take+offence

  • 1 take offence — BE OFFENDED, take exception, take something personally, feel affronted, feel resentful, take something amiss, take umbrage, get upset, get annoyed, get angry, get into a huff; Brit. informal get the hump. → offence * * * take offence To feel… …

    Useful english dictionary

  • 2 take offence — verb to feel, and show, resentment at anothers actions or words …

    Wiktionary

  • 3 take offence (at something) — phrase to feel angry and upset because of something that someone has said or done I’m not surprised she took offence at his remarks. Thesaurus: to feel offended or insultedsynonym Main entry: offence …

    Useful english dictionary

  • 4 offence — BrE usually offense AmE noun 1 (C) an illegal action or a crime: Driving while drunk is a serious offence. | a parking offense (+ against): sexual offences against children | commit an offence (=do something that is an offence) | first offence… …

    Longman dictionary of contemporary English

  • 5 take something personally — TAKE OFFENCE, take something amiss, be offended, be upset, be affronted, take umbrage, take exception, feel insulted, feel hurt. → personally * * * take something personally phrase to feel that a failure or unpleasant situation is your fault and… …

    Useful english dictionary

  • 6 take umbrage (at something) — phrase to be offended by something They’re liable to take umbrage if we don’t invite them. Thesaurus: to feel offended or insultedsynonym Main entry: umbrage * * * take ˈumbrage (at sth) idiom …

    Useful english dictionary

  • 7 take umbrage — TAKE OFFENCE, take exception, be aggrieved, be affronted, be annoyed, be angry, be indignant, be put out, be insulted, be hurt, be piqued, be resentful, be disgruntled, go into a huff; informal be miffed, have one s nose put out of joint; Brit.… …

    Useful english dictionary

  • 8 offence — n. infraction 1) to commit an offence 2) a minor, petty, trivial; serious offence 3) a capital; impeachable; indictable offence 4) an offence against feeling of outrage 5) to take offence at (she takes offence at every remark) insult (formal) 6)… …

    Combinatory dictionary

  • 9 offence — of|fence W3 BrE offense AmE [əˈfens] n 1.) an illegal action or a crime ▪ The possession of stolen property is a criminal offence. ▪ Punishment for a first offence is a fine. ▪ His solicitor said he committed the offence because he was heavily in …

    Dictionary of contemporary English

  • 10 offence */*/*/ — UK [əˈfens] / US noun Word forms offence : singular offence plural offences 1) [countable] a crime or illegal activity for which there is a punishment motoring/firearms/public order offences criminal offence: Killing these animals is a criminal… …

    English dictionary

  • 11 take — take1 W1S1 [teık] v past tense took [tuk] past participle taken [ˈteıkən] ▬▬▬▬▬▬▬ 1¦(action)¦ 2¦(move)¦ 3¦(remove)¦ 4¦(time/money/effort etc)¦ 5¦(accept)¦ 6¦(hold something)¦ 7¦(travel)¦ 8 …

    Dictionary of contemporary English

  • 12 take — 1 /teIk/ verb past tense took past participle taken MOVE STH 1 (T) to move someone or something from one place to another: Don t forget to take your bag when you go. | Paul doesn t know the way can you take him? | take sb/sth to: We take the kids …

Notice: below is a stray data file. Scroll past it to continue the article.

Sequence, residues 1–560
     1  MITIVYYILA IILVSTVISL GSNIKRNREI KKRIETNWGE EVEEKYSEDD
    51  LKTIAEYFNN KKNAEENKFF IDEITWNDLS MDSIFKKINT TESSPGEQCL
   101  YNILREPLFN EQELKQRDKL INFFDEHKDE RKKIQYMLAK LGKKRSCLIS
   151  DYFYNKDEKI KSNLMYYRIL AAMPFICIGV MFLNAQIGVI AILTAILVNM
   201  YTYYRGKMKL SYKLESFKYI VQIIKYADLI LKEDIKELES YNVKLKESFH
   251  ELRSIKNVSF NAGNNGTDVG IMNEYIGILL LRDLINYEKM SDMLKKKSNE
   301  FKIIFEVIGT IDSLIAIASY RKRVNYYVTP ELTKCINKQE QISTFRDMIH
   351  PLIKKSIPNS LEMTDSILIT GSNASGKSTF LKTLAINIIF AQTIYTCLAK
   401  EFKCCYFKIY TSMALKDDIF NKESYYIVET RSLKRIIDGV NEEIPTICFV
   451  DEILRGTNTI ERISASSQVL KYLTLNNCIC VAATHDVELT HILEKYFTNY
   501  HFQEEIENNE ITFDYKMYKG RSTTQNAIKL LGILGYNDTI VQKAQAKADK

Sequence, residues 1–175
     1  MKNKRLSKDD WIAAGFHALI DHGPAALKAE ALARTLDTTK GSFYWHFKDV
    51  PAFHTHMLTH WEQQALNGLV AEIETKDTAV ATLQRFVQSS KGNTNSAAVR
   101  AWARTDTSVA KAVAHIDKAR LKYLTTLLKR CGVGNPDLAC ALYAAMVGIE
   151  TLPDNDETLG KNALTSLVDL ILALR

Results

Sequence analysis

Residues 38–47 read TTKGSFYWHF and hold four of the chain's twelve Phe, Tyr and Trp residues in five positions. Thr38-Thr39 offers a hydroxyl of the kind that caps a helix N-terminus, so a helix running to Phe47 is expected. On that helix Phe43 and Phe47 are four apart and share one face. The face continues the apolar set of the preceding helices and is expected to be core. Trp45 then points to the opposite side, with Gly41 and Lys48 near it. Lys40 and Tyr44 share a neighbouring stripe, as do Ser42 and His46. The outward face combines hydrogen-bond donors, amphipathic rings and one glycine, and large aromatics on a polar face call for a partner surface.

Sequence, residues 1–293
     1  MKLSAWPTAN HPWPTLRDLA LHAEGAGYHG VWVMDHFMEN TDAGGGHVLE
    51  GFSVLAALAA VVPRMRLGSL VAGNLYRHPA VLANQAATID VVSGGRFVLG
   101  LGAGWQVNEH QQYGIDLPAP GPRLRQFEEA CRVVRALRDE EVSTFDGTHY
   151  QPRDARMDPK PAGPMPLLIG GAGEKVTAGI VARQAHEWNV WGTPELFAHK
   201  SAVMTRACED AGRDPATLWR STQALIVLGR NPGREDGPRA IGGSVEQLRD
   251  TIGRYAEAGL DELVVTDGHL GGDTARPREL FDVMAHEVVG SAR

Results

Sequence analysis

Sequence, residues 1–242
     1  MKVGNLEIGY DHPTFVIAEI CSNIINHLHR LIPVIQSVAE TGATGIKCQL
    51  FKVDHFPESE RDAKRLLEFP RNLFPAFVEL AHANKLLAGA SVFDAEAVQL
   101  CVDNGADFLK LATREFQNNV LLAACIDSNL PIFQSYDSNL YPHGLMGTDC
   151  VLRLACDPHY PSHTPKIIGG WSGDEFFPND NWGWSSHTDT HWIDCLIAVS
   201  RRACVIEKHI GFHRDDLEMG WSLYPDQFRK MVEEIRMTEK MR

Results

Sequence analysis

Longman dictionary of contemporary English

  • 13 take — I UK [teɪk] / US verb Word forms take : present tense I/you/we/they take he/she/it takes present participle taking past tense took UK [tʊk] / US past participle taken UK [ˈteɪkən] / US *** 1) [transitive] to move something or someone from one… …

    English dictionary

  • 14 offence — [[t]əfe̱ns[/t]] ♦♦♦ offences (The spelling offense is used in American English. The pronunciation [[t]ɔ͟ːfens[/t]] is used for meaning 3.) 1) N COUNT An offence is a crime that breaks a particular law and requires a particular punishment.… …

    English dictionary

  • 15 offence*/*/ — [əˈfens] noun 1) [C] a crime or illegal activity for which there is a punishment motoring/firearms/public order offences[/ex] The usual fine is £15 to £100 for a first offence.[/ex] Killing these animals is a criminal offence.[/ex] minor offences …

    Dictionary for writing and speaking English

  • 16 offence — n. (US offense) 1 an illegal act; a transgression or misdemeanour. 2 a wounding of the feelings; resentment or umbrage (no offence was meant). 3 the act of attacking or taking the offensive; aggressive action. Phrases and idioms: give offence… …

    Useful english dictionary

  • 17 Take It Back — Infobox Single Name = Take It Back Artist = Pink Floyd from Album = The Division Bell B side = Astronomy Domine (live version)/Take It Back (edit) Released = 1994 Format = 7 , CD, Cassette Recorded = 1993 Genre = Progressive rock Length = 6:19… …

    Wikipedia

  • 18 take exception — verb raise a formal objection in a court of law (Freq. 1) • Syn: ↑challenge • Derivationally related forms: ↑challenge (for: ↑challenge) • Topics: ↑law …

    Useful english dictionary

  • 19 take something amiss — BE OFFENDED, take offence, be upset. → amiss * * * take something amiss british phrase to be offended by something, especially something that was not intended to be offensive Thesaurus: to feel offended or insultedsynonym Main entry: amiss * * *… …

    Useful english dictionary

  • 20 take amiss — phrasal : to impute a wrong motive or a bad meaning or intention to : take offense at afraid a refusal will be taken amiss Dorothy Barclay don t take it amiss if his counsels are not pleasant Richard Ginder * * * take amiss To take offence at… …

    Useful english dictionary